Published in MAI LIFE MAGAZINE April 2011
"Mai Word with J.S. Bhagwan"
When I was little (a very long time ago), my mother used to read me bedtime stories. I must admit that she was very good at reading out loud. However there were those nights, when after a long day and evening of work, her very large bundle of dalo..er..joy would accost her as she entered her shelter from the world with whatever book or comic he had been attempting to decipher. On those occasions the stories would fizzle and fade as my mother would doze off in mid-story, sometimes in mid-sentence. Words would be replaced by mumbles and grunts. The last time I remember my mother reading to me, it was a comic based on the biblical story of Joseph. She ended a story as she drifted off to sleep with the words, “Jack shot down in Cook Islands. Fullstop. Comma.”
Perhaps it was this last type of “colourful” storytelling that impressed me the most. I began to expand my stories with the same inspiration that my mother had used. I added my dream adventures to my “morning talk” contributions:
“Yesterda-ay, I was walking home. And I was walking and the-en (slight pause for inspiration or effect)… a spaceship landed in front of me!” After a while, the poor teacher had no choice but change “morning talk” to “morning story” as more and more children began to be inspired in their telling of stories.
However, “telling stories”, if not carefully managed, is a skill that can develop into what is known, in some circles, as creatively interpreting the truth, or simply put, “telling lies.”
This skill covers all aspects of stretching, pulling, kneading and massaging of the truth – from, for example, extending the size of fish you caught on your last fishing trip, to claiming that the giant fish you bought from a roadside stall was single-handedly caught by you. Some have put this skill to its fullest possible use by convincing the local bank that a ukulele or electric guitar was all that was needed as security for a half-a-million dollar loan, or that no matter who you were, if you paid the fee – you were going to get work in Kuwait, and that if you gave all your money to them, when the “twins” of i-Taukei legend return, they will bring a container of money, of which you will get a share ( how big the container will have to be is not a concern obviously). Of course there are those, whose skills at lying…er…lie simply in the ability to say, “It wasn’t me,” with a straight face. All of these are a far cry from the mundane, “mad chicken ate my homework” or “my mother’s father’s sister’s cousin’s brother-in-law’s granduncle died” truth-stretching that we usually employ.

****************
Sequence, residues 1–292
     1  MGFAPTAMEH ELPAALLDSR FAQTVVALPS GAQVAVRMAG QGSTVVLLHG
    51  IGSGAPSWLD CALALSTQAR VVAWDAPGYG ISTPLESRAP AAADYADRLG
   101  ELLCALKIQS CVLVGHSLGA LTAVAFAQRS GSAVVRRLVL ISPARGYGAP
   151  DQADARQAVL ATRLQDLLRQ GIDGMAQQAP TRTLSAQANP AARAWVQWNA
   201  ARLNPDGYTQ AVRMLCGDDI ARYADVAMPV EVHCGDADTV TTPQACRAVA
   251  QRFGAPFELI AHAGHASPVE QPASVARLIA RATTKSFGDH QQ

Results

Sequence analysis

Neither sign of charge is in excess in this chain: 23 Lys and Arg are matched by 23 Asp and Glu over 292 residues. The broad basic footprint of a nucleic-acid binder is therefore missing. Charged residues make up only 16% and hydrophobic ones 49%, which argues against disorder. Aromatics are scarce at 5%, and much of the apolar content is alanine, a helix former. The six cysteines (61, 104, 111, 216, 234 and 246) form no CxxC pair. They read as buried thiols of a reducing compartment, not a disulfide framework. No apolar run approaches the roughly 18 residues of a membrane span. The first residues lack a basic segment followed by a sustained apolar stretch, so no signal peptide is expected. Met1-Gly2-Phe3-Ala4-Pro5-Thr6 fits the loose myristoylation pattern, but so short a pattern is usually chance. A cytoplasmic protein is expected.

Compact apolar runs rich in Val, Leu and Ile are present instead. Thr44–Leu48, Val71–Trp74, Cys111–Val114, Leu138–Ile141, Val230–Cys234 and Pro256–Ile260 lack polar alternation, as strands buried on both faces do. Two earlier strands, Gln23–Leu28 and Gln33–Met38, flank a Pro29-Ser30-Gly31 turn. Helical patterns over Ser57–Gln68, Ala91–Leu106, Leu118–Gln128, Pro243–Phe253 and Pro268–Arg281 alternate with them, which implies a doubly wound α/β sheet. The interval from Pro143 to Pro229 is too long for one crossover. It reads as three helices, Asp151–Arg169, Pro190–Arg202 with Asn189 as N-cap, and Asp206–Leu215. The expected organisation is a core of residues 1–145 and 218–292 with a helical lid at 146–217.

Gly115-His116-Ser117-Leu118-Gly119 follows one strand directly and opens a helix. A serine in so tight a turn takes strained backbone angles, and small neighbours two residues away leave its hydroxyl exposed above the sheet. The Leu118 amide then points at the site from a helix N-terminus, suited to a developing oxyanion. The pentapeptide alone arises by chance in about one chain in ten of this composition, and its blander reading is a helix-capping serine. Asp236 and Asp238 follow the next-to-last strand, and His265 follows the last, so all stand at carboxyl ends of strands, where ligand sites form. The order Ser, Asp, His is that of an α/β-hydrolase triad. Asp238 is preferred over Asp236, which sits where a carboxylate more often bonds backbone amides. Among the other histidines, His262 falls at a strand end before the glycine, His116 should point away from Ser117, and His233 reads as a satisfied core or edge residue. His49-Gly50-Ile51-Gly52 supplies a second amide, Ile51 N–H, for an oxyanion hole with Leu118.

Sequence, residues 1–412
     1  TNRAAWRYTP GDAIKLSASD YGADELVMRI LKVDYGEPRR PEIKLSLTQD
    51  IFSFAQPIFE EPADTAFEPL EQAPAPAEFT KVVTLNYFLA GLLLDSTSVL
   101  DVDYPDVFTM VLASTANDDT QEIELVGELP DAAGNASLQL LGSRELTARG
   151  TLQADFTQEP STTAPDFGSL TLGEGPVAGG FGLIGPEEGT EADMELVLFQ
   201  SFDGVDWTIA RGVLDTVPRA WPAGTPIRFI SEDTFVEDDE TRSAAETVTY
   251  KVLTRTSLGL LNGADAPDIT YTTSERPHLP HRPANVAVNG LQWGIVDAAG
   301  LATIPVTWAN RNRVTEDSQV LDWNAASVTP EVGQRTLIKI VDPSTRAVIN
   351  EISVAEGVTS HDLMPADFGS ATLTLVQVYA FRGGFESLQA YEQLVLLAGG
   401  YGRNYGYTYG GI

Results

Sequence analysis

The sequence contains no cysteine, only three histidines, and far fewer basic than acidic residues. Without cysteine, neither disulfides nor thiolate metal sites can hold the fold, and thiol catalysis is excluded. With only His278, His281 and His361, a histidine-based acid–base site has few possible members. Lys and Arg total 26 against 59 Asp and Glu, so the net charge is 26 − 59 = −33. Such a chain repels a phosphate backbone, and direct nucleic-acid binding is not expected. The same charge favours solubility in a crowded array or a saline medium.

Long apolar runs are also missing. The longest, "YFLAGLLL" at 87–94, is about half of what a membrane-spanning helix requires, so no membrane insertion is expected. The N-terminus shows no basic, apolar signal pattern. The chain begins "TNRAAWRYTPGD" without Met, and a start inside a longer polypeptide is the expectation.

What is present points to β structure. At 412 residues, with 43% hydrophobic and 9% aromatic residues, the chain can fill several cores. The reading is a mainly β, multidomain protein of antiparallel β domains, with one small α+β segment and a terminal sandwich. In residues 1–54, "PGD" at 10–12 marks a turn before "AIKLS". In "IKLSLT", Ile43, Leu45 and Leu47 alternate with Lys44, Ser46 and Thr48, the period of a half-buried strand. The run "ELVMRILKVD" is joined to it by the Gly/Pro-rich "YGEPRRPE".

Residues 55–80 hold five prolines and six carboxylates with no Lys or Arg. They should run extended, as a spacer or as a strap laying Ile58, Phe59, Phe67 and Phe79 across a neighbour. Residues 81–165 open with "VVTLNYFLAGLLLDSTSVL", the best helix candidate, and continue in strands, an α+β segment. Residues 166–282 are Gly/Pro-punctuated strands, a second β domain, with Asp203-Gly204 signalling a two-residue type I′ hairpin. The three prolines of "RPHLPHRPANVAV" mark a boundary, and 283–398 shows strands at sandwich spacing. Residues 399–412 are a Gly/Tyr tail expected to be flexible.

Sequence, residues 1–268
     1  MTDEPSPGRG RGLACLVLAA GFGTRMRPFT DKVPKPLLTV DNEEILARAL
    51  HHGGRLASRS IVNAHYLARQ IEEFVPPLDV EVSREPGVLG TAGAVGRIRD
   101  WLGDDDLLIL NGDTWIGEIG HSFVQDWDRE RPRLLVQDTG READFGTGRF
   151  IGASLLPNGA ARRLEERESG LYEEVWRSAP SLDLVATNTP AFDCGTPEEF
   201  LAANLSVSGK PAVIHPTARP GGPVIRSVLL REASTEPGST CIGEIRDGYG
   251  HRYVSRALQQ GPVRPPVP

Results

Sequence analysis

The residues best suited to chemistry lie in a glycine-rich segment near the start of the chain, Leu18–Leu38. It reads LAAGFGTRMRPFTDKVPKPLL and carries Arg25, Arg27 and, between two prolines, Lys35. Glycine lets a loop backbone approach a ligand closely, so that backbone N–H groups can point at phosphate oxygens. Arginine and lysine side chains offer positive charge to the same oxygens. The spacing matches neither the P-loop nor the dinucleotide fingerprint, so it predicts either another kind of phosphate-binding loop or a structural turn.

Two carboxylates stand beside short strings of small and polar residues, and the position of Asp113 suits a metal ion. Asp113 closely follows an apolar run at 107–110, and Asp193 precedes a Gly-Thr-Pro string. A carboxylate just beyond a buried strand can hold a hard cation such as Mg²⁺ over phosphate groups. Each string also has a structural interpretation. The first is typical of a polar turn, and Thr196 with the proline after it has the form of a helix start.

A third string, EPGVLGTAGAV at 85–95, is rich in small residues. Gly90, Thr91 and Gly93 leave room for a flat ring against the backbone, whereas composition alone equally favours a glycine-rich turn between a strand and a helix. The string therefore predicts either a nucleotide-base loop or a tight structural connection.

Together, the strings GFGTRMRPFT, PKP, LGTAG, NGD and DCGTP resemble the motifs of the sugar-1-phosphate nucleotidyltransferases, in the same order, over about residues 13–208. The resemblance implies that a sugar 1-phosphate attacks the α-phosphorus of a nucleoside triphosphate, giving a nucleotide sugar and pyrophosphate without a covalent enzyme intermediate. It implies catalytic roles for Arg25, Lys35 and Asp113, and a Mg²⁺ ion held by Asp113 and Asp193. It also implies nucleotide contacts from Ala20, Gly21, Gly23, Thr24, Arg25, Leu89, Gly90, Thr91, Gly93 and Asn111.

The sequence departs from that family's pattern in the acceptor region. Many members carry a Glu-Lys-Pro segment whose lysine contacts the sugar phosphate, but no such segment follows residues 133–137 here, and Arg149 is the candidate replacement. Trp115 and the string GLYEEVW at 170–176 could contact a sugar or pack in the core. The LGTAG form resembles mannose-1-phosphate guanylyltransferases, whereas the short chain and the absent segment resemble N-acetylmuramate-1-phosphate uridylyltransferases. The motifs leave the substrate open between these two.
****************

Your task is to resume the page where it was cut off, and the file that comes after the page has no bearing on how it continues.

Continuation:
Some people even combine the skills or confuse the terms of telling stories and telling lies. Last year when my sister-in-law was studying at the local tertiary institute, she was under strict instructions to come straight home after her evening classes. One evening this instruction was not followed and on arrival and following interrogation by my wife, who on occasion makes the CIA and even Colonel Gaddafi’s best interrogators look bad, was reprimanded after giving as her excuse for late-night hand-holding as “tehlin stohris”. My wife’s immediate response to her excuse was “Telling Lies”.
Of course this is all because, by virtue of being born and raised in the “isles of Fiji”, we are natural tellers of tales. If we were Samoan, I’m sure many of us would be in a position to give Robert Louis Stevenson a run for his money for the title “Tusitala”.
I attended a workshop on communication once where the facilitator, as an exercise on active listening, or perhaps as a way of filling in the time between morning tea and lunch, called the participants to play a game, most politically incorrectly (or unpolitically correct) called, “Chinese Whispers.” As the original sentence of “Viliame went to see his pregnant sister at his aunty’s house,” turned into “Viliame made his sister’s friend and her aunty pregnant,” and ended up as “Viliame was having an affair with the Police Commissioner’s sister and was caught by his aunty who was the mastermind of the 2000 coup,” one participant remarked, “this is not Chinese whispers, this is Suva whispers!”
A few weeks ago, my wife and I as counsellors of our church youth fellowship were asked to speak to our church’s young people. As I knew the young people were used (also known as “fed up”) of hearing me speak or preach, I asked my wife to lead the session. She chose the topic of “gifts” (the innate skills and qualities we possess – not the presents we give and receive). After she spoke there was a time of discussion and sharing. As we went around the group hearing the skills or activities that the youth thought were their gifts. After hearing for the umpteenth time of the gift of giving advice, we turned to the last person of the group, who stood up and proudly said, “My gift is tehling storis”. To which her sister, my wife, responded, “Telling Lies!”